ISR News Story
Cohen is project director on NSF program to advance women faculty
Using the nervous system of the eel-like lamprey fish, Professor Avis Cohen (Biology/ISR) is developing a prosthetic device that could enable people with spinal cord injuries to walk again. Professor Alison Flatau (AE) has developed actuator and sensor technologies for aerospace systems that have improved the experience of flight. Professor Eugenia Kalnay (Department of Atmospheric and Oceanic Science) has pioneered both the fundamental science and the practical applications of numerical weather prediction and is leading research to predict climate change through atmospheric modeling.
These three University of Maryland professors are remarkable not only for their research achievements, but also for the fact that they have defied odds and risen to the highest academic rank at a major research university. Despite the fact that women now earn 40 percent of all science and engineering doctoral degrees, female scientists and engineers make up only about 17 percent of all full professors at research universities nationwide and remain underrepresented at all levels of academia.
A new University of Maryland program funded by the National Science Foundation hopes to change that. The five-year, $3.2 million ADVANCE Program for Inclusive Excellence seeks to increase the representation of women faculty members in science, technology, engineering, and mathematics (STEM) fields at the university. Building on the university’s achievements in inclusiveness and equity, the ADVANCE program will implement interconnected strategies designed to transform academic environments and promote the professional growth of women faculty in STEM.
With an additional investment of funds pledged by the university's deans and vice president for research, the impact of the NSF grant will be broadened beyond the STEM disciplines to transform the culture of the entire University of Maryland campus. The program will provide new mentorship and funding opportunities for women faculty members in all disciplines, create greater transparency about how career advancement decisions are made, increase the awareness and use of benefits designed to help faculty members balance work and family lives, and address the underrepresentation of women of color and their specific professional growth concerns.
"We are poised on the edge of a great transformative period in the history of the University of Maryland. The ADVANCE grant is designed to act as a catalyst for this transformation," says Nariman Farvardin, Senior Vice President for Academic Affairs and Provost, who is also the principal investigator on the grant. "We are committed to fostering the long-term professional growth of our women faculty members by investing in a culture of inclusiveness campus-wide."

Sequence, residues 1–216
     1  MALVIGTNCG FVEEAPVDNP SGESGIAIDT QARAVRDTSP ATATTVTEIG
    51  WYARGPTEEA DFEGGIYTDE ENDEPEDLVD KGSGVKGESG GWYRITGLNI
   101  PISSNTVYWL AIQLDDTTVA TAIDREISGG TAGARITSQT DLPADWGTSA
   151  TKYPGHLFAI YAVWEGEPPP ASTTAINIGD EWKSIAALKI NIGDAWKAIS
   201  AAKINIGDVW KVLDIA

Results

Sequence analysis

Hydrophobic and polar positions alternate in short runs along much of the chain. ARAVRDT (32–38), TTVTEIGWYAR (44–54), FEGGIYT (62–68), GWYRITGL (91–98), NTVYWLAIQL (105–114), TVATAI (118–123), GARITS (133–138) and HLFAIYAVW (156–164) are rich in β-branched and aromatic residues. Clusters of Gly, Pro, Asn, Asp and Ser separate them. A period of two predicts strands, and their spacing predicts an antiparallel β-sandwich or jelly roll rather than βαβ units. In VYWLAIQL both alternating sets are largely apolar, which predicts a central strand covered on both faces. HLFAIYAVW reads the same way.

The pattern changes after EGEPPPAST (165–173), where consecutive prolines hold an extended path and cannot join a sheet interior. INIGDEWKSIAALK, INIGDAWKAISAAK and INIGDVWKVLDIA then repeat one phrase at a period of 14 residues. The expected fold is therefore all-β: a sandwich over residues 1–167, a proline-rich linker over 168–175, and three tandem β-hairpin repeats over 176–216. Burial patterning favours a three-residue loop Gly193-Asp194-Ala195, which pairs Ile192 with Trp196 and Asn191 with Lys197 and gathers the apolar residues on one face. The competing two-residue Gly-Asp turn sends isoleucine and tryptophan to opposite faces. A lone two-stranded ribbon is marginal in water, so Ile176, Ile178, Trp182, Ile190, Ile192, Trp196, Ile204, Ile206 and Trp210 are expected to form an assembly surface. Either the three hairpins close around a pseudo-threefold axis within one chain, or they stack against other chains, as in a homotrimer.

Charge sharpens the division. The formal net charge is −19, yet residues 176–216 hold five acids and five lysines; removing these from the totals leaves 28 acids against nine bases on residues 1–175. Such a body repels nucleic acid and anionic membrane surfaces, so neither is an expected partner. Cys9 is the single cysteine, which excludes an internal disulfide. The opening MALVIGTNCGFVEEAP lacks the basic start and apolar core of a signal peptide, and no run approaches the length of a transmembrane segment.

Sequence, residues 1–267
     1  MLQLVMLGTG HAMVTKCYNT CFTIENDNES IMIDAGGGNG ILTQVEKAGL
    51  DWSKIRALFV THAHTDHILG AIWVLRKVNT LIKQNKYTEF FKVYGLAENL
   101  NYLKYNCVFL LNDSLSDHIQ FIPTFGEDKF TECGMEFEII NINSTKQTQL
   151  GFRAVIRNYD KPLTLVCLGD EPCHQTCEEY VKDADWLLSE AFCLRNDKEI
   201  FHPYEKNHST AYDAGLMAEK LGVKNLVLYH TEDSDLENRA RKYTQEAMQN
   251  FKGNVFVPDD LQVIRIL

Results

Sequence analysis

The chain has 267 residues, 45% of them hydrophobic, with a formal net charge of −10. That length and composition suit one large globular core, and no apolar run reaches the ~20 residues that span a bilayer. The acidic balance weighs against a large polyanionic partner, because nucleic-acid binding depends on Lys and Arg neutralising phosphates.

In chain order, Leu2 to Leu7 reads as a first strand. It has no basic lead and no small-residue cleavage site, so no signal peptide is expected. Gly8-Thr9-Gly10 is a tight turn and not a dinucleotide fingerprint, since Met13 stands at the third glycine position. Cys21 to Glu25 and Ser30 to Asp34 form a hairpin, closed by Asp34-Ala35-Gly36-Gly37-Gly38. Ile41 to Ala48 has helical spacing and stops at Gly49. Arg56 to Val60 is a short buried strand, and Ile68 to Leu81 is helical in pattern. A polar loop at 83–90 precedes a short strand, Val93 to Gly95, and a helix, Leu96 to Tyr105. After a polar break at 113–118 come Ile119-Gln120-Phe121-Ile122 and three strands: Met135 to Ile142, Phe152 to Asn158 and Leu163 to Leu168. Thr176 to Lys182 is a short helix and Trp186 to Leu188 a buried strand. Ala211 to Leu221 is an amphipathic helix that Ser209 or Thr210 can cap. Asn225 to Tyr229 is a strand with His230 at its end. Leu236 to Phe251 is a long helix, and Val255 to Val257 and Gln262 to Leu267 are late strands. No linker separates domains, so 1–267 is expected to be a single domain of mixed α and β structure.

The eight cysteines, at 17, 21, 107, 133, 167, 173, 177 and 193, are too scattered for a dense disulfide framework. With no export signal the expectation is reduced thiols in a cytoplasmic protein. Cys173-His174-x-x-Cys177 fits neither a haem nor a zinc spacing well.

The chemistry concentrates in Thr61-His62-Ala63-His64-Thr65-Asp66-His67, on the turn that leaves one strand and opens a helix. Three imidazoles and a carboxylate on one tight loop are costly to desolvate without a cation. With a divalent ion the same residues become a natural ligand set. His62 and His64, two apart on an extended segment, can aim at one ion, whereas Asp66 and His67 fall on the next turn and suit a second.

Farvardin is joined by co-investigators Avis Cohen; Darryll Pines, dean of the A. James Clark School of Engineering; and Kerry Ann O'Meara, associate professor of higher education, Department of Education Leadership, Higher Education and International Education, on this project. Cohen will direct the project, Pines will serve as the liaison with university deans and help establish a Senior STEM Women’s Council, and O'Meara, who is the author of the conceptual framework on professional growth and research guiding the project, will lead the effort to assess the impact of the program on the University of Maryland campus.
"Research on faculty careers shows that institutions that act as incubators for professional growth reap significant benefits in terms of the productivity, retention, and success of all faculty -- not just of women," says O'Meara.
The University of Maryland is a national leader in science and engineering research, and the implementation of the ADVANCE project will expand its reputation as a campus that cultivates the professional growth of women faculty members. The project will serve as a model for other institutions that endeavor to address similar challenges. A project website will share resources and disseminate research findings and project accomplishments. This information will also be published in peer-reviewed journals and shared through outreach efforts.
"This will truly be an institutional transformation," says Avis Cohen, project director. "We're thrilled that we'll be able to have an impact on all parts of the university with the support that we have received, and that we'll be changing the culture to make this a great institution for the excellent young women and men of today and the future."
—Kelly Blake, College of Computer, Mathematical and Natural Sciences
November 10, 2010